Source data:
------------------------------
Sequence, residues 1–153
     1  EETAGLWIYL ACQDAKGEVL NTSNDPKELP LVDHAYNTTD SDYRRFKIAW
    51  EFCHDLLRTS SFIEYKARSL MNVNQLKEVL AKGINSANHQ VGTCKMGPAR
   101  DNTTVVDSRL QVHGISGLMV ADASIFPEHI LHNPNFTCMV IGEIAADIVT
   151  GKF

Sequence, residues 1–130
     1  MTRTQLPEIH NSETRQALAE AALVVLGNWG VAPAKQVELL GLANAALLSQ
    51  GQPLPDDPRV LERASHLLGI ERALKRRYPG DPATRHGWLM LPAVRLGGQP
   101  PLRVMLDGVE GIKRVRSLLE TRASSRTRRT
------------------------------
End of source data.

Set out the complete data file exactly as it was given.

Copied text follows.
Sequence, residues 1–153
     1  EETAGLWIYL ACQDAKGEVL NTSNDPKELP LVDHAYNTTD SDYRRFKIAW
    51  EFCHDLLRTS SFIEYKARSL MNVNQLKEVL AKGINSANHQ VGTCKMGPAR
   101  DNTTVVDSRL QVHGISGLMV ADASIFPEHI LHNPNFTCMV IGEIAADIVT
   151  GKF

Sequence, residues 1–130
     1  MTRTQLPEIH NSETRQALAE AALVVLGNWG VAPAKQVELL GLANAALLSQ
    51  GQPLPDDPRV LERASHLLGI ERALKRRYPG DPATRHGWLM LPAVRLGGQP
   101  PLRVMLDGVE GIKRVRSLLE TRASSRTRRT